October 12, 2004

The Devil take "The Devil's Dictionary"

This piece of literature is clever and funny in places, but I would much prefer to peruse it at my leisure instead of having to cram it between portfolios and papers in a week’s time. Originally it was published in segments in a newspaper, and I think this would have been an amusing Sunday read.

I flagged a few words that caught my interest and delved a little deeper. For instance, the word “body snatcher” and “grave” jumped out because they both made reference to medical students and young physicians. Here are the exact definitions:

BODY- SNATCHER: A robber of grave-worms, One who supplies the young physicians with that with which old physicians have supplied the undertaker. The hyena.

GRAVE: A place in which the dead are laid to await the coming of the medical student.

Since Bierce is making social commentary in keeping with the times, I wanted to find out what the deal was with body-snatching and people in the medical field.

In the article, Grave Offense by Emily Bazelon, for online publication Legal Affairs, in the 1800’s, there was a great need in the scientific community for cadavers to study, but there was such a stigma behind dissection they were difficult to come by. Cadavers of executed criminals were donated but the demand was great and even resulted in underground trafficking of dead bodies. This did not help the image of physicians. Bazelon writes:

The study of anatomy laid bare an uncomfortable tension in 19th-century medicine. In the eyes of local communities, grave robbing turned doctors into vultures. Burial and respect for the dead mattered deeply to most Americans—and still do, as we were reminded by the grief about the strewn corpses found at a Georgia crematory in February. Medical schools courted danger when they threatened the sanctity of burial and death. At the same time, they had an urgent, indisputable need for cadavers. Patients wanted to be treated by doctors who understood the body's inner workings, which could be learned only by studying a human corpse.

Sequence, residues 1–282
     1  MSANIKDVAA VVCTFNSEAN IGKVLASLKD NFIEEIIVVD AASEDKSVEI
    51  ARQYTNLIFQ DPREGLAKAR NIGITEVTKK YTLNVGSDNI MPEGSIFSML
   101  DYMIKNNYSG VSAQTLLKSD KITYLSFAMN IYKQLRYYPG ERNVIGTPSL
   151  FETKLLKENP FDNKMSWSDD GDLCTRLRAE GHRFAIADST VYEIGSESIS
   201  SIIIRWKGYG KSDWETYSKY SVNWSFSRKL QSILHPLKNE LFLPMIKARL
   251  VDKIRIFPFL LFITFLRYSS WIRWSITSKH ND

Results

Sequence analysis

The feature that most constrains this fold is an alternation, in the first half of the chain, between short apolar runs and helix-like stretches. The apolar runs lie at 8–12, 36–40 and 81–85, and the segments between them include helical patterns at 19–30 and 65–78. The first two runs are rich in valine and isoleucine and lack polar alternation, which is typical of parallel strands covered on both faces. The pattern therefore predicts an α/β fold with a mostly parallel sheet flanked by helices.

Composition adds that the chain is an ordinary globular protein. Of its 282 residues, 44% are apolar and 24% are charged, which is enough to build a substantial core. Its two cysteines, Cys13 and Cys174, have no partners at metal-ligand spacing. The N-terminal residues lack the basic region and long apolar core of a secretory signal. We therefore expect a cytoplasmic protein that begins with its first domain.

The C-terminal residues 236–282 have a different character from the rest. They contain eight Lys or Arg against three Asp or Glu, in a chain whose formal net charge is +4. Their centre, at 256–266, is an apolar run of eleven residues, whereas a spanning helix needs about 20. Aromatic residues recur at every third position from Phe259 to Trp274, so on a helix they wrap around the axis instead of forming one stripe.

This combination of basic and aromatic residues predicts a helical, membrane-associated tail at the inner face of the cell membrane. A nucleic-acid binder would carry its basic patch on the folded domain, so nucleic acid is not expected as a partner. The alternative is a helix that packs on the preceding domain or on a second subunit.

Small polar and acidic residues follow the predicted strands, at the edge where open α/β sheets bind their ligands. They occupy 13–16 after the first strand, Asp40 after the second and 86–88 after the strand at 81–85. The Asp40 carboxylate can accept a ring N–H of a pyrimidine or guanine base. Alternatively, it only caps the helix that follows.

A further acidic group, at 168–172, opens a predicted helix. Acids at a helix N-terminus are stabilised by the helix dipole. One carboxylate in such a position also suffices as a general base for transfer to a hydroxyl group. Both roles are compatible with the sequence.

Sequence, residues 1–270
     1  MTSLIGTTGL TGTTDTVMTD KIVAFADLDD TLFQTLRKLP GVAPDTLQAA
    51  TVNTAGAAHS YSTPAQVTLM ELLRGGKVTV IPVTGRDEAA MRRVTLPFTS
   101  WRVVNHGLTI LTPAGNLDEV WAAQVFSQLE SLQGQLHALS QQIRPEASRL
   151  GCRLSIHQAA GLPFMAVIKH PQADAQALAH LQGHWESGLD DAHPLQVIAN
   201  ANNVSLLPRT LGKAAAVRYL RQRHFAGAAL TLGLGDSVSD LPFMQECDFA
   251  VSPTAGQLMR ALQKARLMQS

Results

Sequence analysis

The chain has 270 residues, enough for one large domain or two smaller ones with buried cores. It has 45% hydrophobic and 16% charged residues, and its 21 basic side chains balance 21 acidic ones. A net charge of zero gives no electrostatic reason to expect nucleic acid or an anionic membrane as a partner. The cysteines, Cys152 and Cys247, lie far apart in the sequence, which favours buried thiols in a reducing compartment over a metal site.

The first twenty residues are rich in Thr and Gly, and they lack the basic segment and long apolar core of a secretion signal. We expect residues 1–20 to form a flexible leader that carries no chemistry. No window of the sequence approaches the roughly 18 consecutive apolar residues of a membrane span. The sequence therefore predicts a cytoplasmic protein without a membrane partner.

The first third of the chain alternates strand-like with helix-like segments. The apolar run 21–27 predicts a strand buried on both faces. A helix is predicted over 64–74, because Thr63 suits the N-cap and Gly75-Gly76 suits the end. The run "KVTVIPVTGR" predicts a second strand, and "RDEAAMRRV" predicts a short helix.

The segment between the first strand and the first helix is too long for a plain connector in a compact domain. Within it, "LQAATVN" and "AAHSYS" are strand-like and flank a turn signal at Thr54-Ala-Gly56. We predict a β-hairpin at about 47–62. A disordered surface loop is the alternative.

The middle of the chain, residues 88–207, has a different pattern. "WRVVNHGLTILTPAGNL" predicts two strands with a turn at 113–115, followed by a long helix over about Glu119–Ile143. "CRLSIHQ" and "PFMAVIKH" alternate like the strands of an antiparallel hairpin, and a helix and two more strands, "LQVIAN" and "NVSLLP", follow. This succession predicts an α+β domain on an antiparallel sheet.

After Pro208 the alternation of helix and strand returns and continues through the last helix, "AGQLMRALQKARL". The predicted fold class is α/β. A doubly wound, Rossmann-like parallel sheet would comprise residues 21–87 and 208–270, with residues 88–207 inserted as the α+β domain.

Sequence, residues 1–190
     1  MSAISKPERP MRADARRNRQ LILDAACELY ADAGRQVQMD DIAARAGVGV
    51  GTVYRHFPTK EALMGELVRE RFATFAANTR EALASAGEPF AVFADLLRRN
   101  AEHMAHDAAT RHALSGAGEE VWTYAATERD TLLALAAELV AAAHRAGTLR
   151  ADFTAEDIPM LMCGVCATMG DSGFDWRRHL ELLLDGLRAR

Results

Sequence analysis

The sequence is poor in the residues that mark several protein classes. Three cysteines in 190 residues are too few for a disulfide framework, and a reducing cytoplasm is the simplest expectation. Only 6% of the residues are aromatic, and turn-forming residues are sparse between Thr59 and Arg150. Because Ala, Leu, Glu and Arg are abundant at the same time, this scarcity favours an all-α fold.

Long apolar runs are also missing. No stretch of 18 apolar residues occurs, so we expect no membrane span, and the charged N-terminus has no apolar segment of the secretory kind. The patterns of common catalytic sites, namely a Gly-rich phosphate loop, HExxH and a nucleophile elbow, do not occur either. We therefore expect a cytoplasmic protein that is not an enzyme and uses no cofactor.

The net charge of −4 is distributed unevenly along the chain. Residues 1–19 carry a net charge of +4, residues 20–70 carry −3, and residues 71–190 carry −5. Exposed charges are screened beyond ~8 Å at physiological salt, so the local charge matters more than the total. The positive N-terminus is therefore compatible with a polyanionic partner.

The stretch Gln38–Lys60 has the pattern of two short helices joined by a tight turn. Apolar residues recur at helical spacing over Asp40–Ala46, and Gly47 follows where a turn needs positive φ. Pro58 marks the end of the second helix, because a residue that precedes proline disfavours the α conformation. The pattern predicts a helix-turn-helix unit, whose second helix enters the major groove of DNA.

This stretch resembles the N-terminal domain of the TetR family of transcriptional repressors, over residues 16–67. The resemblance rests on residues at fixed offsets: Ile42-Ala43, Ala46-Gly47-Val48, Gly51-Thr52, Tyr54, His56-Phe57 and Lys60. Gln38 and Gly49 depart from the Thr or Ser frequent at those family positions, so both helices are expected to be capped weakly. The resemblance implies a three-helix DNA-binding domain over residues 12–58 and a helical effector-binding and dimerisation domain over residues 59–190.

Interesting little piece of history I didn’t know!

Posted by LindaFondrk at October 12, 2004 10:57 AM


Well, I agree with your statement, but up to a point though. It is suppose to be only in fun, and not to hurt any, however how come there isn't "funny" words to describe men? If certain words describe women, don't you think that there should be certain words for men? I think if Bierce wanted it to be funny, then he should have made it equal between both genders.

P.S. I thought the fact about medicine and body-snatching, was interesting. I didn't know that.Thanks for the input!


Posted by: NabilaUddin at October 12, 2004 12:43 PM

Consider the definition for MALE:

A member of the unconsidered, or negligable sex. The male of the human race is commonly known (to the female) as Mere Man. The genus has two varieties: good providers and bad providers.

What do you think?

Posted by: Linda Fondrk at October 13, 2004 09:56 AM


Well, this is interesting. The word "male" does describe men negatively;however it is still a general statement. The female words have much harsher meanings to them. Do you agree?


Posted by: NabilaUddin at October 13, 2004 01:40 PM

Not necessarily. Again, our perspectives on his humor are different. Remember, its a satiric work, so his meaning sometimes comes through in opposites. It's effective because it makes people laugh, maybe recognize some of their own predjudices and points out how ludicrous the stereotype is.

Posted by: Linda Fondrk at October 14, 2004 07:33 AM
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